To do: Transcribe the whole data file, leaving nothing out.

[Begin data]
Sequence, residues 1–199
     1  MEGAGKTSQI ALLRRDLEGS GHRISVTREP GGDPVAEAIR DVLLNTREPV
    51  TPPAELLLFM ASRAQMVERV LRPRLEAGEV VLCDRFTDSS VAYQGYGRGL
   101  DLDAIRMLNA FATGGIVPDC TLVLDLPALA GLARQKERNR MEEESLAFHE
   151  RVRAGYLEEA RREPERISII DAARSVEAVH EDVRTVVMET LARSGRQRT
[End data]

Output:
Sequence, residues 1–199
     1  MEGAGKTSQI ALLRRDLEGS GHRISVTREP GGDPVAEAIR DVLLNTREPV
    51  TPPAELLLFM ASRAQMVERV LRPRLEAGEV VLCDRFTDSS VAYQGYGRGL
   101  DLDAIRMLNA FATGGIVPDC TLVLDLPALA GLARQKERNR MEEESLAFHE
   151  RVRAGYLEEA RREPERISII DAARSVEAVH EDVRTVVMET LARSGRQRT